|Title||The status of some reports of vascular plants from Michigan|
|Publication Type||Journal Article|
|Year of Publication||1967|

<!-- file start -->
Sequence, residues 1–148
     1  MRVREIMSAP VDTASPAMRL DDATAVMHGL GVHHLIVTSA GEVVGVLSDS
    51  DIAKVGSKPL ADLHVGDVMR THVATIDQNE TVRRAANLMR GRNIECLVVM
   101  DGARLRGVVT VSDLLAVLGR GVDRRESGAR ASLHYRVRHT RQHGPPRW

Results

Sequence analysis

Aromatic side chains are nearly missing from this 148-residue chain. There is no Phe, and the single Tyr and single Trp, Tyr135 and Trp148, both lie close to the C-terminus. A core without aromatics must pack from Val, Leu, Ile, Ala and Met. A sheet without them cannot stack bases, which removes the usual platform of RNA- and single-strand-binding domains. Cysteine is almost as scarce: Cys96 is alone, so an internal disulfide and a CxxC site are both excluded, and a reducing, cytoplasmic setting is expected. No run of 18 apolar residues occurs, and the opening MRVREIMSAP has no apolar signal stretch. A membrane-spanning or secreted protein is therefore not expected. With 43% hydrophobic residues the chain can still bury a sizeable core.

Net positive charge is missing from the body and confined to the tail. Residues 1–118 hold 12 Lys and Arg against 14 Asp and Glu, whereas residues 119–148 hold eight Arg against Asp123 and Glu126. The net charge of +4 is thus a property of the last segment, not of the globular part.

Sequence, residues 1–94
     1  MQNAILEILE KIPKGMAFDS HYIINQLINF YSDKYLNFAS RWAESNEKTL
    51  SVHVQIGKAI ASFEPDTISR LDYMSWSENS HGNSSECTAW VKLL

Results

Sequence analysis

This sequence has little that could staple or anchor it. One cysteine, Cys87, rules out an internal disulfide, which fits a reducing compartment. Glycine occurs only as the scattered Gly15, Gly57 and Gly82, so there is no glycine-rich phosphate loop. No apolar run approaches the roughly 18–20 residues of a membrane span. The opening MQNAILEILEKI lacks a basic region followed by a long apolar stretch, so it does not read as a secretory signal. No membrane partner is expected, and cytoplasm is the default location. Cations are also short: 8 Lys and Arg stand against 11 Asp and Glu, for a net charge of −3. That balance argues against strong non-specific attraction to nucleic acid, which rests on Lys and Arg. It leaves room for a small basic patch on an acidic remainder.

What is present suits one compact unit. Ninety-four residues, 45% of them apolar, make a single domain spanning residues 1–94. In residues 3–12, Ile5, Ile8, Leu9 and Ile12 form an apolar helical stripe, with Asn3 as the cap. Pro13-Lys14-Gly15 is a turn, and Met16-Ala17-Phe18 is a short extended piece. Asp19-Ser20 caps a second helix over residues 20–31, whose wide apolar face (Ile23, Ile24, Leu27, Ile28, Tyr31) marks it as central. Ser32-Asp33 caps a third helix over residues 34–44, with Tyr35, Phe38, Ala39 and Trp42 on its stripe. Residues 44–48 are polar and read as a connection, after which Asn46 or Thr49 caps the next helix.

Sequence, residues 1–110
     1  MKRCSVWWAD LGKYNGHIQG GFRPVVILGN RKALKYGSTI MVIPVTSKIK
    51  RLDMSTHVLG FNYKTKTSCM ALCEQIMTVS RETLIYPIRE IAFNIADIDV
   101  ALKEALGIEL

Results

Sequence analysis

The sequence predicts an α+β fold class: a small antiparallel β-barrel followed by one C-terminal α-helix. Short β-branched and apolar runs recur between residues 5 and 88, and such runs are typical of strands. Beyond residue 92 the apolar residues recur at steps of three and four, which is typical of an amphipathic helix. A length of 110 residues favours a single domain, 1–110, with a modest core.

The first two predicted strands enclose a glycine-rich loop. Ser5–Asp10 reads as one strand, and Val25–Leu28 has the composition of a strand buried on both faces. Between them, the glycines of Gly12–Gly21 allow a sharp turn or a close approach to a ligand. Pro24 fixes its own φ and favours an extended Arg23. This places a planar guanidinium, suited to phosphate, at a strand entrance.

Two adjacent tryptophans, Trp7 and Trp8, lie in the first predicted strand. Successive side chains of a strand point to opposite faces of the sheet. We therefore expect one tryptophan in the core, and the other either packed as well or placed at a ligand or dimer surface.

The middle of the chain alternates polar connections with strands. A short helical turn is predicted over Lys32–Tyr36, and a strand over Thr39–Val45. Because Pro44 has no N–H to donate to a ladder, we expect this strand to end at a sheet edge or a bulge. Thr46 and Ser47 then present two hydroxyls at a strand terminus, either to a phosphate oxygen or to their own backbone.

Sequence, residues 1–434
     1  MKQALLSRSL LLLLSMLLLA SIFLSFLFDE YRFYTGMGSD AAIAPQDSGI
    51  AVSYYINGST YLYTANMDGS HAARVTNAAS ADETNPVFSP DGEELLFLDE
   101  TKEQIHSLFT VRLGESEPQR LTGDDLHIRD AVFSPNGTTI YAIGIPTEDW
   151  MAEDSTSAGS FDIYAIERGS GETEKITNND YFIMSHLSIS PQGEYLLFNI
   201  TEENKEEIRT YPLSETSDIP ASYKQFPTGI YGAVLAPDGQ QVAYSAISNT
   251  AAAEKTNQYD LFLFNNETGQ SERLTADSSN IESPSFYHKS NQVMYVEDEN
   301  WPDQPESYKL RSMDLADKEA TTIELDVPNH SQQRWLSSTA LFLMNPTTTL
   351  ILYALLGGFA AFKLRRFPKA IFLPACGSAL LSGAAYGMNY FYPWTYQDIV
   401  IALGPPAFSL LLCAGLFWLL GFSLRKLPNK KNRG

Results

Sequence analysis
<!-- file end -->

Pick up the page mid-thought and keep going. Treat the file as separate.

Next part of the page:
Some sort of detective work may arise in almost any line of endeavor, but it is especially frequent in study of the local flora. Fernald pointed out some years ago, in discussing the slow and exacting task of completing the 8th edition of Gray's Manual, the unsatisfactory nature of floras which are merely quick compilations of the work of others, without original synthesis and verification. In the present instance, the question is sometimes as simple as whether or not there is an authentic specimen, preserved in a herbarium somewhere, to support a published record of the occurrence of a species in the state. But sometimes, and even more demanding of "detective" work, the question is whether the data associated with such a specimen can be relied upon or have been correctly interpreted. The few "case histories" presented here are typical of the kinds of investigation which become necessary before one can even prepare a reasonably accurate list of the flora of the state -- and they may serve as a continued warning that statements of distribution in a manual (or even a monograph) must often be taken with the proverbial grain of salt. Errors of both commission and omission are repeated over and over again as a result, presumably, of uncritical copying; this problem exists for distributional information as well as for descriptive statements about the plants themselves (not to mention bibliographic and nomenclatural details!). It is perhaps harder to lay ghosts to rest than to resurrect a few which are deserving, but the following examples may help to clarify the status of some species in our flora.